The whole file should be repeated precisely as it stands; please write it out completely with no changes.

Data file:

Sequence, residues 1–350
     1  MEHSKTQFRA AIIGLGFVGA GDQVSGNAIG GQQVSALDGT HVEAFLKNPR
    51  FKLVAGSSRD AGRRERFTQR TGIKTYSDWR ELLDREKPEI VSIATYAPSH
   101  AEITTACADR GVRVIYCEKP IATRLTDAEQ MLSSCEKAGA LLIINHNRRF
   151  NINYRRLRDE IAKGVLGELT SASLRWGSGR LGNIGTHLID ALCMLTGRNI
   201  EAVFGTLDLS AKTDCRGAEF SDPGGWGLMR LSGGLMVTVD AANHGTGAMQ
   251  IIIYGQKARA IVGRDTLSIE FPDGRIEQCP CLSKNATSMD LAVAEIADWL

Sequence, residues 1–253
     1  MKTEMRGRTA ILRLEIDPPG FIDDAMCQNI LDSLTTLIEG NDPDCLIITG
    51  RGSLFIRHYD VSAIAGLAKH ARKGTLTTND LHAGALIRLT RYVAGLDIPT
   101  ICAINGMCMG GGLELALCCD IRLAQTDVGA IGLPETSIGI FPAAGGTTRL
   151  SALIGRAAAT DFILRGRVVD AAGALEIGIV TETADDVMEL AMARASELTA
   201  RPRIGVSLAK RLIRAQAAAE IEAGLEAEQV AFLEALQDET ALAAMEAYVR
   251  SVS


Sequence, residues 1–350
     1  MEHSKTQFRA AIIGLGFVGA GDQVSGNAIG GQQVSALDGT HVEAFLKNPR
    51  FKLVAGSSRD AGRRERFTQR TGIKTYSDWR ELLDREKPEI VSIATYAPSH
   101  AEITTACADR GVRVIYCEKP IATRLTDAEQ MLSSCEKAGA LLIINHNRRF
   151  NINYRRLRDE IAKGVLGELT SASLRWGSGR LGNIGTHLID ALCMLTGRNI
   201  EAVFGTLDLS AKTDCRGAEF SDPGGWGLMR LSGGLMVTVD AANHGTGAMQ
   251  IIIYGQKARA IVGRDTLSIE FPDGRIEQCP CLSKNATSMD LAVAEIADWL

Sequence, residues 1–253
     1  MKTEMRGRTA ILRLEIDPPG FIDDAMCQNI LDSLTTLIEG NDPDCLIITG
    51  RGSLFIRHYD VSAIAGLAKH ARKGTLTTND LHAGALIRLT RYVAGLDIPT
   101  ICAINGMCMG GGLELALCCD IRLAQTDVGA IGLPETSIGI FPAAGGTTRL
   151  SALIGRAAAT DFILRGRVVD AAGALEIGIV TETADDVMEL AMARASELTA
   201  RPRIGVSLAK RLIRAQAAAE IEAGLEAEQV AFLEALQDET ALAAMEAYVR
   251  SVS